3. Location is everything.

A change of scenery is proven to boost creativity. If you’re relaxing on a Sunday with nothing to do, instead of idly scrolling through Facebook, go to a park or a coffee shop and get your chill on.

My favorite thing to do is write in coffee shops. I don’t care if that’s cliche. I make a whole afternoon out of it on a lazy Sunday. Weekends are made for downtime. Use that downtime to be creative once in a while.

Being creative doesn’t mean you can’t relax. I lie on my bed with my laptop on my belly while writing. It’s extremely comfortable. Being creative means take a break from watching other people’s lives on Snapchat to live yours.

4. Carve out a corner for yourself on the Internet.

Platforms like Tumblr are perfect for exploring your creative interests. You’ll connect with people online who share your passions,while still remaining anonymous. No one has to even know who you areif you don’t want them to. Start reblogging today.

Blogging is also an amazing way to hold yourself accountablefor practicing creativity. If you read somewhere that blogging is dead, ignore that BS. I started a blog a couple months ago and I love it. It’s challenging, but there’s no pressure because I don’t care how many people actually read it.

Running a Tumblr or Instagram is not just a way to ~brand~ yourself. It’s a platform to put something out there in search of true connection.

5. Remember that there’s creativity hiding in the mundane.

You might think that putting on clothes every day or cooking a meal isn’t creative, but it totally is.

Ever hear that quote, Fashion is art you can wear? It’s true. Even if you’re someone like me who is too scared to try a pair of mules, it’s yet another avenue to explore. Going shopping, which is something you probably have to do at least twice a year, is a way to be creative.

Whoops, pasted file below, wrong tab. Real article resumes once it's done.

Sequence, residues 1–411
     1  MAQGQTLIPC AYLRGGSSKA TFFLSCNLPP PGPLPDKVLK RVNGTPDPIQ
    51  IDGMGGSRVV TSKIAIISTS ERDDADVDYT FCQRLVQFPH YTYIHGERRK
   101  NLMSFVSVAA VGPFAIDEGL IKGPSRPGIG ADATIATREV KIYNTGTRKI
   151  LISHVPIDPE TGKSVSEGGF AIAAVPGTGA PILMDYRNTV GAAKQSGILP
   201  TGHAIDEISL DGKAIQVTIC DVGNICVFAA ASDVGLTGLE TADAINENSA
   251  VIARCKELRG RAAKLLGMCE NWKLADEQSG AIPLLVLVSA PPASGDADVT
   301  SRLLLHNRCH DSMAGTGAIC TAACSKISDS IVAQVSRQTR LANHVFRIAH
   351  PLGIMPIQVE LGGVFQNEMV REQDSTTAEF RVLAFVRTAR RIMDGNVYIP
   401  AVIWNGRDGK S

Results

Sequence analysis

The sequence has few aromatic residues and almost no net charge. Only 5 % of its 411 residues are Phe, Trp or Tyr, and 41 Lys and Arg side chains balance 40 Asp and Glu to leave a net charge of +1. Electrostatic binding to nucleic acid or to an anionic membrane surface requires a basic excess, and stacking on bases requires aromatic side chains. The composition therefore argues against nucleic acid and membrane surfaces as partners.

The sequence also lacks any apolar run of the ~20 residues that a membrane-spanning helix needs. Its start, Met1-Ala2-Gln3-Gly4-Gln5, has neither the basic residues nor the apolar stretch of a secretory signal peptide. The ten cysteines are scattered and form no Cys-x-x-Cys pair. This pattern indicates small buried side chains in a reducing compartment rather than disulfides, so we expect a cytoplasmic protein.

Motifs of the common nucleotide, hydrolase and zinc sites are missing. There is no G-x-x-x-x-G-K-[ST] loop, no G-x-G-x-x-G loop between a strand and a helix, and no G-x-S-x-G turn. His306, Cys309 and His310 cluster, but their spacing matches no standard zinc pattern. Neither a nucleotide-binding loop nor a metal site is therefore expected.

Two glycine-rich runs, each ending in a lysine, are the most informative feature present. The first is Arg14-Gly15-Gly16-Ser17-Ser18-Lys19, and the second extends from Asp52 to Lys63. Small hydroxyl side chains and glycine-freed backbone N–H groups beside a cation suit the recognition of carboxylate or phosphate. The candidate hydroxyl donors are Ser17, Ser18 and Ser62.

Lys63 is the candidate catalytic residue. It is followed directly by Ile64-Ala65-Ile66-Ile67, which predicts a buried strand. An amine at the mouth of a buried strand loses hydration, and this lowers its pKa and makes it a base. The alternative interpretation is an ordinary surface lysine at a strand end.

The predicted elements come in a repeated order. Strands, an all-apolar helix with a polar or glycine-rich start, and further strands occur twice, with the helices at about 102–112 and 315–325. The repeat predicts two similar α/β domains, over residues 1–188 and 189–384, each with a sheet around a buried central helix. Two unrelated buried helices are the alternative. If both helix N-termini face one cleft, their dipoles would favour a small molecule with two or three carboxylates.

If you don’t believe me that cooking and clothes are more than just necessary, think of it this way: What you wear and eat is nine times out of 10 driven by your mood.

Tomorrow I might have an urge to channel my inner foodie and throw together a smoothie bowl for breakfast. Or maybe I’ll wake up feeling ambitious and make an Instagram-worthy omelet. Either way, I’ll be expressing myself in at least one little way.

6. Providevaluewith your creative talents.

Why not use a creative talent you have to help someone? That way you’re killing two birds with one stone: giving back and being creative.

If you’re good at drawing or crafts, take an afternoon to volunteer at an after-school program and help kids create their own art. Or help teach computer science to the elderly. Teach a friendhow to sew. The possibilities are endless.

Someone out there can benefit from your time and company. I promise you’ll feel great by sharing your creative talents.

Ultimately, prioritizing creativity will make your life feel full ifyour work is soul-sucking. Ultimately, you’ll have more of a sense of purpose than if you just plop down on your couch and watch “Keeping Up With The Kardashians.”

Here’s a challenge. Trade two hours a week you spend watching TV or winding down (looking at Instagram and Snapchat) to be creative. Play for two hours without a goal. Forget productivity. Two hours will be enough time to at least start a project, write down your thoughts, cook a meal, play dress-up with your clotheswhatever you want.

Maybe some days you’ll feel too drained to be creative, but push yourself anyway. You can’t fail when it comes to creativity. It’s literally impossible. It’s all an experiment.

And you never know where free-writing for 20 minutes might lead you. Prioritize your creativity because life isn’t going to slow down andwait for you.

Read more: http://elitedaily.com/life/make-time-for-creativity-when-you-work/1504052/